How Mumps is Spread

Mumps is a painful viral infection that affects the salivary glands located along the lower jaw.

While this condition has been largely eliminated in developed world, it is still relatively common in developing countries and sometimes makes appearances in countries like the United States. Here is a look at how this condition is spread and what can be done to prevent it.

Mumps Symptoms

The most noticeable symptom of mumps is facial swelling. When this occurs, the face itself is not actually swelling; it’s actually the swelling of a person’s salivary glands that gives them the puffy appearance. Additional symptoms include fever, headache, fatigue, decreased appetite, and pain when swallowing.

While these symptoms can sometimes be long-lasting and debilitating, some people find that they only experience mild symptoms or sometimes no symptoms at all. It’s important to note that even if a person doesn’t have severe symptoms, they are still contagious and can pass the virus onto others who may not be so lucky.

Transmitting Mumps

Mumps is spread through droplets of saliva or mucus from an infected person, which is known as oral transmission. A person can transmit mumps before he or she begins to display the telltale facial swelling associated with the disease, and this period can be as brief as 12 days or as long as 25. Patients remain contagious for about a week after the first symptoms begin to show.  

It’s possible to catch the disease in two ways. Direct transmission of mumps occurs when someone comes into direct contact with infected droplets—for example, being near an infected person when they sneeze or cough. However, indirect contact is also possible. The mumps virus can survive on surfaces outside of the human body, so touching a door handle or using objects that have been in contact with someone who is infected can also spread the disease.

Preventing Mumps

The best way to prevent the spread of mumps is to ensure that children (and adults who may have missed it) receive an MMR vaccine. Since the introduction of this immunization, which also protects against measles and rubella, yearly cases of the disease have dropped from about 150,000 to only a few hundred.

There are also some practical tips for preventing the spread of mumps. Regular hand washing with soap is one of the easiest but most effective ways to prevent not only mumps but also a host of other conditions as well. There is no set number of times per day that a person should be washing his or her hands, but it’s best to do it after coming into contact with surfaces in public places or in areas of the home that are frequently used.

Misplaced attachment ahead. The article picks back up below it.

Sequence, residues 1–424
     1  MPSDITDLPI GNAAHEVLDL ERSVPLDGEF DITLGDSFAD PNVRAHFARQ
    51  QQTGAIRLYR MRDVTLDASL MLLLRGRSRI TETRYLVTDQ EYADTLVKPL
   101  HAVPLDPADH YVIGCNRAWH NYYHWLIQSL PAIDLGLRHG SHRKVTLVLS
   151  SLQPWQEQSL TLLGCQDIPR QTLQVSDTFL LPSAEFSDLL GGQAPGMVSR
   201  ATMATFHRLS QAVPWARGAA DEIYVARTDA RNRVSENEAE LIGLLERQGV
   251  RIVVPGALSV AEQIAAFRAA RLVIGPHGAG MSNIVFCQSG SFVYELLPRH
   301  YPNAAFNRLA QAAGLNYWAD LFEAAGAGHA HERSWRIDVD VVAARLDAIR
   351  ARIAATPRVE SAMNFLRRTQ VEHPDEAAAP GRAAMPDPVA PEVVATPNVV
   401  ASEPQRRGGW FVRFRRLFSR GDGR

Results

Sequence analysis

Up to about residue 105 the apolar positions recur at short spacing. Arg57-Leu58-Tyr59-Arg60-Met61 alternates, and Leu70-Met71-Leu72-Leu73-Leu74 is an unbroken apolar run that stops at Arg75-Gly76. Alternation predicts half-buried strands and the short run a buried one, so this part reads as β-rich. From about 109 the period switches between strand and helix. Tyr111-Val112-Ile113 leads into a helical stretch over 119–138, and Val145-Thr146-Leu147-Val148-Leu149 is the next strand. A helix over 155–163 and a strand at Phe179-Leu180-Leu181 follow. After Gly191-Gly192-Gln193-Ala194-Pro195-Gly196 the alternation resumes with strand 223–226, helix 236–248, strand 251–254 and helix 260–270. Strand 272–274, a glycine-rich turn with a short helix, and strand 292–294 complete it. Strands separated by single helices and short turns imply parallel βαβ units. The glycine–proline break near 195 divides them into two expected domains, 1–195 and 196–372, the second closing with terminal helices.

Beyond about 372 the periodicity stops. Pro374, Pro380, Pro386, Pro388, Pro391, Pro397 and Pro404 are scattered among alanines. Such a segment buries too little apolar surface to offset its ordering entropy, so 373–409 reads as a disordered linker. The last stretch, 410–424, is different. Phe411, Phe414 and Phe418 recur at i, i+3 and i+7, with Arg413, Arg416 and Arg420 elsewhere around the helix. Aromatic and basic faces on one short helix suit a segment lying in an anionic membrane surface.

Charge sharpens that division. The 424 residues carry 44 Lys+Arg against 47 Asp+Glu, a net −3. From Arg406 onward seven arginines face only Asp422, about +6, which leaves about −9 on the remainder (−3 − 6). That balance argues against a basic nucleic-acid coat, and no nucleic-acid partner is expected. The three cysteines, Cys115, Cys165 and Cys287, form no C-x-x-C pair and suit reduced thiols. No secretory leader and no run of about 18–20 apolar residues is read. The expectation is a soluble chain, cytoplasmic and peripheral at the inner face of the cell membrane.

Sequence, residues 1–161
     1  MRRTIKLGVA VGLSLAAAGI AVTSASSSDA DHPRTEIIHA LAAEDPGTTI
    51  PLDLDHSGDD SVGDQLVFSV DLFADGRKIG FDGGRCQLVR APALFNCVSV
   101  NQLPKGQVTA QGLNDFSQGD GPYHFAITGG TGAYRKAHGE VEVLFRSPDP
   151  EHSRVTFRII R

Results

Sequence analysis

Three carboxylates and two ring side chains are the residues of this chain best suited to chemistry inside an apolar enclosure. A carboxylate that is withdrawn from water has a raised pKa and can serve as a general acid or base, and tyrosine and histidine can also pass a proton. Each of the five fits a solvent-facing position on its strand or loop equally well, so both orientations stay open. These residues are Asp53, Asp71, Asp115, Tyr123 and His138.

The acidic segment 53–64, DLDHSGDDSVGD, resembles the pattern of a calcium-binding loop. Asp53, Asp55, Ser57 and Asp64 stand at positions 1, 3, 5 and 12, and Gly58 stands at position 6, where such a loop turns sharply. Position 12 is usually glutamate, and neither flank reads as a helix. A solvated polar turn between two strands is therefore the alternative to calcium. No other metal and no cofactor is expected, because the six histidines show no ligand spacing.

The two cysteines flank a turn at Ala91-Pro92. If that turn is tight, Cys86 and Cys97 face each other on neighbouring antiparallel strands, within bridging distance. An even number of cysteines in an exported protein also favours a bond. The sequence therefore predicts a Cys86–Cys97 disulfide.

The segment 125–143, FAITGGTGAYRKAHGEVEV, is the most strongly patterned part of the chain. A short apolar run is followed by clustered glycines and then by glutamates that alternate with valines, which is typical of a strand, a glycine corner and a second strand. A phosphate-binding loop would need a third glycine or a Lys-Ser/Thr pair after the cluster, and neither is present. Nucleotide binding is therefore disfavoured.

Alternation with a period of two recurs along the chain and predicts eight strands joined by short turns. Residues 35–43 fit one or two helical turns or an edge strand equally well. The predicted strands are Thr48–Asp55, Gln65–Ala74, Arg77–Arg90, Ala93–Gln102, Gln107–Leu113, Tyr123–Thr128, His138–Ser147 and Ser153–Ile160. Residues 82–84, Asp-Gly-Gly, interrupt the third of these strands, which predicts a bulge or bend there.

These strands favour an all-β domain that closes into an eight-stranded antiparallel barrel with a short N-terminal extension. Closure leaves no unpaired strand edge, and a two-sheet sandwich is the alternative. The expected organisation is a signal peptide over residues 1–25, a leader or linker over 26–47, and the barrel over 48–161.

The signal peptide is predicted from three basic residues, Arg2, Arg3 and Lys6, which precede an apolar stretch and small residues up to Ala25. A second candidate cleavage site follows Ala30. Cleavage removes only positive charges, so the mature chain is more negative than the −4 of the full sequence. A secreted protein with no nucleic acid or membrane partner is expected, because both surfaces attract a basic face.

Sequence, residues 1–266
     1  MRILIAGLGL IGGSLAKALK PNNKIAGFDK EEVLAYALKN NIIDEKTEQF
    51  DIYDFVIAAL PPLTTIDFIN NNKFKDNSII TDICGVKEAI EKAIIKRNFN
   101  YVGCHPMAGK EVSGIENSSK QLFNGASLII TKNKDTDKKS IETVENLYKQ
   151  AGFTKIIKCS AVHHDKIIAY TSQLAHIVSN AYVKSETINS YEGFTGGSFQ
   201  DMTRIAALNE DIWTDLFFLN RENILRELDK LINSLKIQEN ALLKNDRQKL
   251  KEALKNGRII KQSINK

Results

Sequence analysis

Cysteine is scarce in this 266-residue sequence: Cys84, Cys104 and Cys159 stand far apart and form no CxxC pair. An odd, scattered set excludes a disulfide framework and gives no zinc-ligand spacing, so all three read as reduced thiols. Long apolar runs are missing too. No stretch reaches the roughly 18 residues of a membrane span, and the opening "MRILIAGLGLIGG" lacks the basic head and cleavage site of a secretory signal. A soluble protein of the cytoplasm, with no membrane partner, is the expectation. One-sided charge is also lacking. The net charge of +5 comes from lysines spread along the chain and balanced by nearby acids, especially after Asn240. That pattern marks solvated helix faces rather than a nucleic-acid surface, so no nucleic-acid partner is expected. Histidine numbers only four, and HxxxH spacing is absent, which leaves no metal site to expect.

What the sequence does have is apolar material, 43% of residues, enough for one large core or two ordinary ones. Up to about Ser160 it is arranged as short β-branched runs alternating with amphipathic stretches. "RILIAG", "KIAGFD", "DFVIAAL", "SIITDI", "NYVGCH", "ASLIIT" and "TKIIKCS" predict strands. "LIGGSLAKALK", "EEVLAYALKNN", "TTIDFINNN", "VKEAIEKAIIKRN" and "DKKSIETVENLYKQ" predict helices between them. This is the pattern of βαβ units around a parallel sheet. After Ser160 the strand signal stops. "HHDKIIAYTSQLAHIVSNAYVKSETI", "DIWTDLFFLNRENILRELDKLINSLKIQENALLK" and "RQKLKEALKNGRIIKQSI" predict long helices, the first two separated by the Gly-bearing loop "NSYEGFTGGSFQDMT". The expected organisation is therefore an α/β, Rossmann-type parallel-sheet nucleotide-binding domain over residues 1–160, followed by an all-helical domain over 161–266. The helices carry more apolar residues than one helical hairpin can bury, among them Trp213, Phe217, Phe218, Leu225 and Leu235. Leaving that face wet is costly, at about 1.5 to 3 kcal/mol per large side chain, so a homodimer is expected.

It’s also beneficial to avoid sharing drinks or eating utensils, since infected droplets can persist on them for some time after they leave an infected person’s body. Finally, make sure the mouth and nose are covered by a tissue when coughing or sneezing, and be sure to dispose of the tissue immediately afterwards. If there isn’t a tissue available, cough into the crook of the elbow instead of directly into the hands.

Mumps Resurgence

In recent years, more cases of this disease than usual have been reported in the United States. There is an almost-unanimous consensus among medical professionals that this resurgence is due to parents refusing to immunize their children because of concerns over the safety of the MMR vaccine.

While it’s understandable that they would want to be cautious about the health of their children, this fear is based solely in misinformation and deception. In 1998 a study authored by Andrew Wakefield was published in The Lancet, one of the oldest medical journals in the world. This study claimed that children who received the vaccination were more likely to develop autism and bowel disorders than those who didn’t. However, The Lancet retracted the paper due to a conflict of interest when it was discovered that Wakefield, prior to submitting the study, was paid by an organization who was looking for negative information to use against vaccine manufacturers. It was additionally discovered that he manipulated the data from his study in order to give the appearance of a link between autism and the MMR vaccine.

Despite the thorough debunking of this study, Wakefield is still widely cited among parent organizations who are opposed to immunizing their children. While they may think that they are acting in the best interests of their kids, these parents are inadvertently putting them at risk of contracting diseases that are easily preventable but potentially deadly.